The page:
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Tuesday, 1 October 1935

Mr Archdale Parkhill l. - On the 27th September, the honorable member for Denison (Mr. Mahoney) asked the following questions, upon notice: -

1.   Is it a fact that in the published opinion of a high military official, Hobart is in a strategic position singularly well adapted to become the base or point of departure for assailing nearly every other portion of the Commonwealth ?

2.   If not, will he ask the defence authorities to report on this matter, and advise whether the existing defences of the Derwent are such as to ensure successful resistance to an enemy's sudden attack until such time as substantial aid may arrive to render such attack futile ?

3.   Will the Government consider whether the strategic value of the Derwent as a coaling and refitting station or base is such as to merit adequate expenditure for this purpose?

I am now in a position to inform the honorable member as follows : -

1.   No record of any such published opinion is held by the Defence Department. 2 and 3. In reply to the questions raised on the defence of Hobart, the unity of the problem of Australian defence is emphasized. The policy of the Government is directed towards securing the maximum security for the whole of the Commonwealth from the defence vote. The advantages of the defensive measures being taken in certain parts of Australia are not confined to those areas, for they are common to the whole of the Commonwealth in the general scheme of defence. The limitations to doing all that is necessary for Australian defence are financial in nature, but the Government, in the three years' programme, is providing for a substantial degree of progress. This programme is based on certain priorities, and though no provision is made for measures relating to Hobart defences, the defence of this area has been carefully examined and considered. While the existing defences are considered reasonable for the probable scale of attack, certainimprovements have been proposed, and noted for future consideration.

Broadcasting Station at Clevedon, Queensland.

Mr Archdale Parkhill - On the 27th September, the honorable member for Herbert (Mr. Martens) inquired, without notice, when the wireless broadcasting station at Clevedon, near Townsville, will be completed and ready for use. I am now in a position to inform the honorable member that the installation of the radio equipment at the Townsville regional broadcasting station is proceeding, but it is not possible to say when the station will be in operation until after the full operating tests have been conducted. These tests are expected to take place about the end of the year.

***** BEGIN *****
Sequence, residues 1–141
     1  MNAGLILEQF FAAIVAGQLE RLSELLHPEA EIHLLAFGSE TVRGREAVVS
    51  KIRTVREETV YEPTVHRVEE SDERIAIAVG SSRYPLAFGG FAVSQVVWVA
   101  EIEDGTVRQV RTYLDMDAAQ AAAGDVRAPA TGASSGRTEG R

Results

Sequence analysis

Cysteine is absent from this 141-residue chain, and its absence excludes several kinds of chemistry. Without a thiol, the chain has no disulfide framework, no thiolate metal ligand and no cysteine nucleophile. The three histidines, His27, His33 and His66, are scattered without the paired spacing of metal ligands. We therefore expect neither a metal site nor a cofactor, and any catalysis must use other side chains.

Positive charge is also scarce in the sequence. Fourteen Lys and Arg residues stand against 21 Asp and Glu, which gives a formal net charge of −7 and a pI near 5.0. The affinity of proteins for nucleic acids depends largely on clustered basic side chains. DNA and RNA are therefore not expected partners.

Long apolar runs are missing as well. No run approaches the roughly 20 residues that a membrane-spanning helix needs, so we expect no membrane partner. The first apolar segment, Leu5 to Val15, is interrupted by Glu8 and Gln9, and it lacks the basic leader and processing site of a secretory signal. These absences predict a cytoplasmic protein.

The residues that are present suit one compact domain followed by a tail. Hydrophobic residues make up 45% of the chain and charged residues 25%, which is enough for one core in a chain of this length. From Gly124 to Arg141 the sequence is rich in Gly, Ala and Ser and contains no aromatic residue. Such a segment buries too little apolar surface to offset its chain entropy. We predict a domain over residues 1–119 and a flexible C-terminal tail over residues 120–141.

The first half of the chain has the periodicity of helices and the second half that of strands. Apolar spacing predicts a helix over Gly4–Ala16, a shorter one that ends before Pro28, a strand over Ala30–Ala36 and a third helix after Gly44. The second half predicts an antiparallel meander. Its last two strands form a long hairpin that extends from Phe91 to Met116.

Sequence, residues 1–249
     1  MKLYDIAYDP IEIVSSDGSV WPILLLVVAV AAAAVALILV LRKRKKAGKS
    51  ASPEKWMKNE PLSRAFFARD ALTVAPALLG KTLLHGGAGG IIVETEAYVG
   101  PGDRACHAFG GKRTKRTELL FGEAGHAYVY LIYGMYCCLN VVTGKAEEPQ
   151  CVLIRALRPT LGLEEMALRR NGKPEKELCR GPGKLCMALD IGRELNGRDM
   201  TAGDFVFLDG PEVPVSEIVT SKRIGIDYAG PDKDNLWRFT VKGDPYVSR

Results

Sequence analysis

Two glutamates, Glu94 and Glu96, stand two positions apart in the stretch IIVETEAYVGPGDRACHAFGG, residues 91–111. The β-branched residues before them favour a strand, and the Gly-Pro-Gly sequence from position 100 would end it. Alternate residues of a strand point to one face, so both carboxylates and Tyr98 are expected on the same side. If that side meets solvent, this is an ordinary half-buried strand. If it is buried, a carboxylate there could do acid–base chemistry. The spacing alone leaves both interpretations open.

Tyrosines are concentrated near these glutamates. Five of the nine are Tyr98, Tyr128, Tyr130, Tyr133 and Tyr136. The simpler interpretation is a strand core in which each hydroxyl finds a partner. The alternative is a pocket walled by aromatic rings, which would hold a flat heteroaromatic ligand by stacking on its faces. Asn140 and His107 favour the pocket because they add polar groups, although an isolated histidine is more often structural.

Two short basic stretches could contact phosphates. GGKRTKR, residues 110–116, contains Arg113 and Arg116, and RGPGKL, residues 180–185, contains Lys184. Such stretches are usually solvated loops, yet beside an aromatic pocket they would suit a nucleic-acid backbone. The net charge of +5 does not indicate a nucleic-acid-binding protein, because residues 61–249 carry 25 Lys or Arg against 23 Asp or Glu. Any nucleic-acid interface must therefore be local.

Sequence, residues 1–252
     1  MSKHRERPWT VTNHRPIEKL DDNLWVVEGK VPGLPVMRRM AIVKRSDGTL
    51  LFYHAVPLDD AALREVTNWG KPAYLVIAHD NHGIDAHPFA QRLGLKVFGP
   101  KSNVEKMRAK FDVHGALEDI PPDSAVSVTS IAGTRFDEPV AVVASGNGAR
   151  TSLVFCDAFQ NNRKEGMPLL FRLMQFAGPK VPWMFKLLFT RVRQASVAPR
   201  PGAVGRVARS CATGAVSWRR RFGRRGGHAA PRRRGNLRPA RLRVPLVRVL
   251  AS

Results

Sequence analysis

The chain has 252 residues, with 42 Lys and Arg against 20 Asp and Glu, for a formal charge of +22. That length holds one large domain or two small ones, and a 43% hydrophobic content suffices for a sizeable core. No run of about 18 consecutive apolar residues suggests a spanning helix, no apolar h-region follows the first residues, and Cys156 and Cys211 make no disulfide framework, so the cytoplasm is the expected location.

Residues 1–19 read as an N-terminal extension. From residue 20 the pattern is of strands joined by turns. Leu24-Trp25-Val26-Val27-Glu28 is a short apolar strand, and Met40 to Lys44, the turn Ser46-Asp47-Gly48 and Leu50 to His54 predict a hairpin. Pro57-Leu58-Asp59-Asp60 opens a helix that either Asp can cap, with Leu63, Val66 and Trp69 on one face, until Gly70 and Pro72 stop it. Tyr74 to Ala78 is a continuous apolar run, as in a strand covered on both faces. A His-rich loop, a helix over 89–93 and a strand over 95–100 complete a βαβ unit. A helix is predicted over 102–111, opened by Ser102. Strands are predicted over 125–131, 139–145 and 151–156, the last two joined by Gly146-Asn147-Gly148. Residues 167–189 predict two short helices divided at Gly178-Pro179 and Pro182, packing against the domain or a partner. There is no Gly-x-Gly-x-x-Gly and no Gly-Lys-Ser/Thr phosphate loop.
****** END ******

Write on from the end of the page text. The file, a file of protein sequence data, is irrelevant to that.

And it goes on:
Dole in Canberra.

Mr Paterson n. - On the 27th Septem ber, the honorable member for Melbourne (Dr. Maloney) asked the following question, without notice: -

Will the Minister for the Interior advise me as to what dole is paid in Canberra at the present time?

I now desire to advise the honorable member that for some time residents of Canberra, for whom full-time government employment was not available, were provided with unemployment relief work on a minimum basis of one week in three for married men and one week in five for single men. Usually it was possible to raise this ratio to full-time for a few weeks in December and June. According to the size of a man's family, the ratio of one in three was supplemented by an allotment of work, the wages for which, together with the periodical week's wages above-mentioned, equipped the householder with sufficient funds to purchase food. Out-going for rent was allowed for in this connexion. No payment was made or ration relief order issued for which, no return was made by the recipient. The Government has now been able to increase the employment ratio to one in two for married men and one in four for single men.

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